Steinbrenner, Baseball, and Foreign Exchange

July 13, 2010

George Steinbrenner, owner of the New York Yankees since 1973, passed away today nine days after his 80th birthday.

I submit one cannot completely understand American culture and the country’s distinctive status without some knowledge of baseball and the sport’s history.  What Homer’s Illiad and Odyssey represent for Ancient Greece, where the idea of democracy was born, the U.S. Civil War and baseball are to America as noted in the Ken Burns documentaries.

In most countries soccer, or what is more commonly called football, is king.  Not so in the United States, where football is something entirely different from football elsewhere.  American baseball has been a connective tissue of the unchangeable in a restless land that marches otherwise to a beat of constant change and reinvention. 

Every four years, the World Cup holds great interest even in America and especially in U.S. currency trading rooms.  It’s a stochastic snapshot, like the Olympics, with different players from one frame to the next.  The evolution of baseball happens glacially from generation to generation.  From pre-season to the regular season to the playoffs, a successful team plays over 200 games year after year.  Baseball is a marathon, each game played without a constraint of time, and only by looking back on a season, an era, or a career can one really understand the result of it all.

Born on the fourth of July, George Steinbrenner epitomized the American brand of political self-determination and victory-at-all-costs capitalism.  He had his detractors, but so have other great American entrepreneurs like John D. Rockefeller, Henry Ford, Bill Gates, and Steve Jobs.  The Declaration of Independence speaks about an unalienable right to pursue happiness.  In market capitalism, wealth and victory (i.e., out-competing everyone else) are central elements of measured happiness.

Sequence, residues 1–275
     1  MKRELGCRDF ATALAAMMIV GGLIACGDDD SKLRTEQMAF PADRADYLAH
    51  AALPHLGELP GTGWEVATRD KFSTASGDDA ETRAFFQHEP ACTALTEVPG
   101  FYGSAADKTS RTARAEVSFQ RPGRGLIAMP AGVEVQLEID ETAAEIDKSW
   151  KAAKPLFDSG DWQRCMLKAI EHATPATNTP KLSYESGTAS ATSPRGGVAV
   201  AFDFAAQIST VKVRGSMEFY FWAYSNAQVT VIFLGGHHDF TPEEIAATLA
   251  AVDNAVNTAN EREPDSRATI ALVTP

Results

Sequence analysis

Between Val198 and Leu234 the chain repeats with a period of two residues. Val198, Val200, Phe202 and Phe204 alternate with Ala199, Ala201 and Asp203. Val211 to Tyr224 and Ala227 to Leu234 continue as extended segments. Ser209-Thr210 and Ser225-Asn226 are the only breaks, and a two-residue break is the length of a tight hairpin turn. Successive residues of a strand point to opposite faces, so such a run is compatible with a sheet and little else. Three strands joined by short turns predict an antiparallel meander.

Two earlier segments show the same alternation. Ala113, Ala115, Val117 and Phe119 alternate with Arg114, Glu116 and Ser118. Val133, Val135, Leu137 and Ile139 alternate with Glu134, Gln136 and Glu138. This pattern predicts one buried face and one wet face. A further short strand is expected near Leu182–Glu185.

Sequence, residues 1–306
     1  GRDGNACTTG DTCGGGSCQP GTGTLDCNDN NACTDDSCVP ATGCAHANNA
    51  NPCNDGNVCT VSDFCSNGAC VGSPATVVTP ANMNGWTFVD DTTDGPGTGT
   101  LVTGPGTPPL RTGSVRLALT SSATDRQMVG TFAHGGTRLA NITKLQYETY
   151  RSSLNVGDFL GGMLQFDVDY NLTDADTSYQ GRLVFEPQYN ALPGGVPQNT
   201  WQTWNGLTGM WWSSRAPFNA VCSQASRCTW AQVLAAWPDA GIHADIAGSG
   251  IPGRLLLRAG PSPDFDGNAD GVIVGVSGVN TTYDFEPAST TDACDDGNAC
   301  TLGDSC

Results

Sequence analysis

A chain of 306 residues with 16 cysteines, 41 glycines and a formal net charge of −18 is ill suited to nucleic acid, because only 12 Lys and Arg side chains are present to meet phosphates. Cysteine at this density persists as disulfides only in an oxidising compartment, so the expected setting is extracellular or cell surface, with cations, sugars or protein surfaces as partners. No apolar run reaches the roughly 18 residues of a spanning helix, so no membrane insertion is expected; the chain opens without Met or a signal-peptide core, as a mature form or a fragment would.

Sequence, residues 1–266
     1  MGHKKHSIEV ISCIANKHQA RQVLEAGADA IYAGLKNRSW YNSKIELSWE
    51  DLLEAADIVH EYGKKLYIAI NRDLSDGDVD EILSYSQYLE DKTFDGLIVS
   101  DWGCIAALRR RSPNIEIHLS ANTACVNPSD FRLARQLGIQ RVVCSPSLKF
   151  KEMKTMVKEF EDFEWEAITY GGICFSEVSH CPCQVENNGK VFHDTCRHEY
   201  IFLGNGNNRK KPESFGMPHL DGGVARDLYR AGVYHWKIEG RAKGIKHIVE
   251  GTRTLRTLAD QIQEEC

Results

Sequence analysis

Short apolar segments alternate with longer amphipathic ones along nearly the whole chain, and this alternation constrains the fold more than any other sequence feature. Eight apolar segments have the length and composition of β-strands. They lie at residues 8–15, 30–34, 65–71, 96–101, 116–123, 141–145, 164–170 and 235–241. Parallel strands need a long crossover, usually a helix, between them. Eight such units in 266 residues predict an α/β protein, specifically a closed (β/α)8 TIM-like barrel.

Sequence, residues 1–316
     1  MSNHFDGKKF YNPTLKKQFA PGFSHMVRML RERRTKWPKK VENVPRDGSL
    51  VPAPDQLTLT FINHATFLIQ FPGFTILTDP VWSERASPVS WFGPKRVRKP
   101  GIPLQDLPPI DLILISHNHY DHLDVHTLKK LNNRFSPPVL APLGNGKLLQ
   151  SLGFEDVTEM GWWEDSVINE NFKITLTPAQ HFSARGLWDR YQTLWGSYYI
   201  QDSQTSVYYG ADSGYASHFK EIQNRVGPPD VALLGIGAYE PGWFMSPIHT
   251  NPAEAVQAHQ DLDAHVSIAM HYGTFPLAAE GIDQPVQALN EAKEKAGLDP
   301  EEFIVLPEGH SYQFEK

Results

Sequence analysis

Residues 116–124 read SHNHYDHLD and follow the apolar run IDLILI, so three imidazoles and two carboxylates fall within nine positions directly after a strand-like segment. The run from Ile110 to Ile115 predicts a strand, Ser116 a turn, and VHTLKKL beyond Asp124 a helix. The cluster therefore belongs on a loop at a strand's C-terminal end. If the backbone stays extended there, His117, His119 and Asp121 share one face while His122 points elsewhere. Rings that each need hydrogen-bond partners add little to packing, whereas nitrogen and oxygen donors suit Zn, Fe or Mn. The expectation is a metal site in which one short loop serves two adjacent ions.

Winning championships are to sports what accumulating profits are to business.  Success in both involves risk-taking and a dedication to the constancy of perpetual change.  George Steinbrenner set the toughest standards for separating success from failure.  Only a world championship would do.  His Yankees accomplished that feat seven times in the 36 completed seasons while he owned the team, meaning they fell short in 29 years.   Only two other teams have won as many as three championships since 1973.  Six teams captured two championships apiece, and nobody else won more than once.  Graded on a curve, the Steinbrenner Yankees deserve an A+, but classes would never be graded on a curve in Steinbrenner’s school.

I got into the fields of economics and foreign exchange analysis because of its similarity to baseball.  It’s not an unusual sequence.  The past two Fed Chairmen, Bernanke and Greenspan, were avid fans of baseball before becoming economists.  As a youth, I’d get lost in following the minutiae of individual and team statistics, and the truly exciting moments occurred when discovering a neat relationship I hadn’t known previously.  Economic and foreign exchange analysis offer the same pleasure.  Sometimes, I focus on the very short term, the morning box scores in ball, the hourly and daily charts in forex or the nuts and bolts that go into a single economic data release.  Other times, I look at the bigger picture.  Watching the shifting leader board of first-through-last place teams in a baseball division over the course of a season is akin to charting the ups and downs of the major currencies.  What a season is to baseball, a calendar year is to foreign exchange.  Other truths are revealed by aggregating the information over decades.

A final parallel between baseball and foreign exchange is that the dollar floated in 1973, the same year that George Steinbrenner bought the Yankees.  Now isn’t that cool?

Copyright Larry Greenberg 2010.  All rights reserved.  No secondary distribution without express permission.

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One Response to “Steinbrenner, Baseball, and Foreign Exchange”

  1. Jimbo says:

    well said!!